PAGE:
UFEX is a digital design collective comprised of Mikkel Møller Andersen and Kasper Fjederholt, based out of London and Copenhagen respectively. They recently opened an exhibition/collaborative show with Bora Tanay at Artary Off Space February 14th–dealing with “extemporaneous human sculptures” that subsequently explore the different aspects of “modern social constructions.” UFEX often create “analog” sculptures that are photographed and constructed in a way to make them appear inexplicably digital. Their series, “Eyes, Ears, Mouth,” is a fascinating example of sculpture that straddles the liminal and collapsable worlds of real/digital, handmade/photoshopped, showing that perhaps the boundaries are not as concrete as we thought. The result are hilarious meditations that push the boundaries of “reality,” authenticity and the absurd.
So UFEX is actually a collective/design duo- can you talk about how you met, and what aspects you contribute to the projects? Is it entirely collaboratively, or where do each of your interests lie?
We met each other 5-6 years ago at this foundation like school in Copenhagen. Even though our style and creative interests have completely change since then, we still think scarily alike.
Now that Kasper has migrated to London, we mainly collaborate on big things, like exhibitions. Most of the work we are doing right now is various exhibition work or research for upcoming shows. We do individual research, tests, fabric hunting and meet up and do intensive work together. That might be why our expenses for flights are quite high.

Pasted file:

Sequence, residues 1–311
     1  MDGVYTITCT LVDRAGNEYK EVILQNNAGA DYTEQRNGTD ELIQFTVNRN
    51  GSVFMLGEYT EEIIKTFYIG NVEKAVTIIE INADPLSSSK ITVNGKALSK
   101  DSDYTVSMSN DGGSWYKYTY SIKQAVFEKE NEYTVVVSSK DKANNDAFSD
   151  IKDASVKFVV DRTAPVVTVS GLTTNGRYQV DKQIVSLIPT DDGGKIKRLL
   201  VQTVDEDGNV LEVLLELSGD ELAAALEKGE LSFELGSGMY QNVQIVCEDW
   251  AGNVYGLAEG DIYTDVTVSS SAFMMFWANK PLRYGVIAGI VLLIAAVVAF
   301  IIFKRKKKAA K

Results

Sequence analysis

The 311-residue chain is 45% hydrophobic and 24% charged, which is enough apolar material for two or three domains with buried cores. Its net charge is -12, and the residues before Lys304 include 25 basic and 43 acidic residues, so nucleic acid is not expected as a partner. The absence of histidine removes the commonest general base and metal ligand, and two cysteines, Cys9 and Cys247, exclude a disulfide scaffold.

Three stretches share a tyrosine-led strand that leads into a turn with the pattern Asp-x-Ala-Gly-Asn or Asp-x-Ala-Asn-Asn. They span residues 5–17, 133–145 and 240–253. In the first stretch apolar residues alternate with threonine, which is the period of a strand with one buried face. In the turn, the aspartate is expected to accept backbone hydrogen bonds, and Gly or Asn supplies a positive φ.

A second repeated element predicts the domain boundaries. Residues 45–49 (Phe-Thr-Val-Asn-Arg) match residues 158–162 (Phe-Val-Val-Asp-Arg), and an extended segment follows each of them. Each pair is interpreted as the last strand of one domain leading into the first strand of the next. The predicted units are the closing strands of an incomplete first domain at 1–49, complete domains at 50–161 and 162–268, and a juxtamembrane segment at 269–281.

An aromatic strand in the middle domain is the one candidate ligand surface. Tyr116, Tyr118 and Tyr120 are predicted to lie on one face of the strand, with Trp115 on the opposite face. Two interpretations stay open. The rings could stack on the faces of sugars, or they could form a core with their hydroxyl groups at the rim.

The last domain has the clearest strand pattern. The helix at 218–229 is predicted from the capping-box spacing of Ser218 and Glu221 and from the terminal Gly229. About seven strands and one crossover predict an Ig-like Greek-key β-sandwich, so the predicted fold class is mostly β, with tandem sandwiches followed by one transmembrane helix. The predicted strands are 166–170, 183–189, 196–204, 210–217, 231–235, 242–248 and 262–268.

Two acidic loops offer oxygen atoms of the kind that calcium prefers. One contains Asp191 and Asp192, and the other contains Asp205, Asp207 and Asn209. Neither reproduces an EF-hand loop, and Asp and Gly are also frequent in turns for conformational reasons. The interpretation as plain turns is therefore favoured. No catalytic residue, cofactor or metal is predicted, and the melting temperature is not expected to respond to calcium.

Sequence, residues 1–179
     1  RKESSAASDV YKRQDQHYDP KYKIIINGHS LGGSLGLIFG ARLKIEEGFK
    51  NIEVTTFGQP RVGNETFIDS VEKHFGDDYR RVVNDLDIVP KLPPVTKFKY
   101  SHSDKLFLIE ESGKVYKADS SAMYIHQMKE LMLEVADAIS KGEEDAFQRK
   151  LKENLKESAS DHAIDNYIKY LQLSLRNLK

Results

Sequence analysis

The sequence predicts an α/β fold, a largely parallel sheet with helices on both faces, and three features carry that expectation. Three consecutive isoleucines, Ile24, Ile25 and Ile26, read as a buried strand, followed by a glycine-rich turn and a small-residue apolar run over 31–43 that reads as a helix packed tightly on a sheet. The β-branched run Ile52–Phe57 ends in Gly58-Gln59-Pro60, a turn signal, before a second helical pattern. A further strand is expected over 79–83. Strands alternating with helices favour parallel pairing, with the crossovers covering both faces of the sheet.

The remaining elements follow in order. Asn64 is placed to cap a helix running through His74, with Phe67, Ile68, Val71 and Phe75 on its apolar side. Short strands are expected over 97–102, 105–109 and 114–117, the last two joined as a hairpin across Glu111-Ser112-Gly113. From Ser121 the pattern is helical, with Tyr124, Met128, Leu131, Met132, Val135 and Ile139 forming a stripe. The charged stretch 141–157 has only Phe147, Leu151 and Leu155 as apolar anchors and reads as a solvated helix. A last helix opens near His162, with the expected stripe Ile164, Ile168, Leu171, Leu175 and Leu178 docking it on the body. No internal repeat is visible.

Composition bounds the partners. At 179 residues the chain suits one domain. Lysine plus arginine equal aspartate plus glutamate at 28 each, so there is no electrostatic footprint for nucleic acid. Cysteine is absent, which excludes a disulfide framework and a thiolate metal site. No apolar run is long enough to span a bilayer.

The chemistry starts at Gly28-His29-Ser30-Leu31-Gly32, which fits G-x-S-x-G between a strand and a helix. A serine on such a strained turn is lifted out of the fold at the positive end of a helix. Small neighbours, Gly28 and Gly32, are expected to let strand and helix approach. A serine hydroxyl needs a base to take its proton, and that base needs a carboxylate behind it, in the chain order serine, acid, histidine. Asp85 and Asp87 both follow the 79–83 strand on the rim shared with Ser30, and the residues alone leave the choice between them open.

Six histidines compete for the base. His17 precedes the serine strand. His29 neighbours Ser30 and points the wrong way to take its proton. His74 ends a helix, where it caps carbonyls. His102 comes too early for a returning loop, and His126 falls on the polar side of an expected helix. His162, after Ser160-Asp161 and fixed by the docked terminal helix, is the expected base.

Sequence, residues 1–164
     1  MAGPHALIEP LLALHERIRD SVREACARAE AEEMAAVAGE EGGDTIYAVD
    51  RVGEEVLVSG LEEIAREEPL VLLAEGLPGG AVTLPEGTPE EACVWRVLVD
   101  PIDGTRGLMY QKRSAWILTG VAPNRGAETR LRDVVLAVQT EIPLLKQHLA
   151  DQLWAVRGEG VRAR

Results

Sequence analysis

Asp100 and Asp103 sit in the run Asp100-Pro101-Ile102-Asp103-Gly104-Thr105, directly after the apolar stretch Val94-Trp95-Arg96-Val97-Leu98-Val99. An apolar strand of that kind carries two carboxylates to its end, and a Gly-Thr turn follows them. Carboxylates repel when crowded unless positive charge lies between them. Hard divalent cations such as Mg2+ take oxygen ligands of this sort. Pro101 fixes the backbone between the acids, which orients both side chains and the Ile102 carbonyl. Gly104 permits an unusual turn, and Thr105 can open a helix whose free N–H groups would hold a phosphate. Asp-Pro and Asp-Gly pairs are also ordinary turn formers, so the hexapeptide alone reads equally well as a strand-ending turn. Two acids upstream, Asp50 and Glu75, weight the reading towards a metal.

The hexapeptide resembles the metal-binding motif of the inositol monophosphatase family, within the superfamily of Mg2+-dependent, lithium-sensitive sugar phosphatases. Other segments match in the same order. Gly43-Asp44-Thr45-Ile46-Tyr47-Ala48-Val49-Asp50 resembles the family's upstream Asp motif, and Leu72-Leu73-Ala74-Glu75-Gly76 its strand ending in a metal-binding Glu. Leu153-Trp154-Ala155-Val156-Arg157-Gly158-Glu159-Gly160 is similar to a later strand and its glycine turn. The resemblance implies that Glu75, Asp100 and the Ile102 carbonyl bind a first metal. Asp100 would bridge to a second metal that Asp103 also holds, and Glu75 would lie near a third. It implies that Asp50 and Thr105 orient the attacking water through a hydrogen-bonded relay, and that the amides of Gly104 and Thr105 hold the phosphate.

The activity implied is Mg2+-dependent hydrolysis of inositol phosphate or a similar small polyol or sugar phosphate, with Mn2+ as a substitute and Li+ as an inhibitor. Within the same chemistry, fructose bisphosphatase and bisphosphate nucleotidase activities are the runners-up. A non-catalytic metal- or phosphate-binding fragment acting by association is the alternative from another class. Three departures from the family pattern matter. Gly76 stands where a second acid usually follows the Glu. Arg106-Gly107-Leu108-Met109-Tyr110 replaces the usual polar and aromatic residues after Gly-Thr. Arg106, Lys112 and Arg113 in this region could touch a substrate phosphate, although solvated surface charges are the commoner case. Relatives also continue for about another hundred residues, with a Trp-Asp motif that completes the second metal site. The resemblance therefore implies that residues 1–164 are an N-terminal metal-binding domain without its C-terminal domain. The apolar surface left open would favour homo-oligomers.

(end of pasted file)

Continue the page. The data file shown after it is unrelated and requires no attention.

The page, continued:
What’s your process of creating works like, from the inception of an idea to its creation?
Most of the time we both have directions we want to go and we try to make them meet. There is a lot of discussion and the frustration seems to become a necessary part of our process. We usually end up with a better compromise, than any of the original ideas.
Then all the fun parts come, the actual research and the creation of the idea.
What are some of your sources of inspiration, whether art, design, music, philosophical…
There’s a lot of things that inspires us and then we take the parts we can use, for example it may be the energy, atmosphere, material or light which then gets translated into our practice. If we have a specific idea of what we want to work with, we look at related work and see what their conclusion is. In general sculpture, photography and illustration obviously inspires us, cause it all relates to our work. We also draw a lot of inspiration from fashion and theater.
I love the images “Eyes, Ears, Mouth” from the exhibition at Art Gorillas in Bangkok. Some of the images, such as the levitating furrball with a Cyclops eyeball and a feather in its head look digitally modified? Can you talk about how you made these, and what your inspiration behind them was?
None of the pictures where digitally modified afterwards, we only got the lighting retouched. The premise of the work was to create all the sculptures in analogue, but still make some of them look like they couldn’t exist in real life. There was a great deal of tape, strings and patience involved.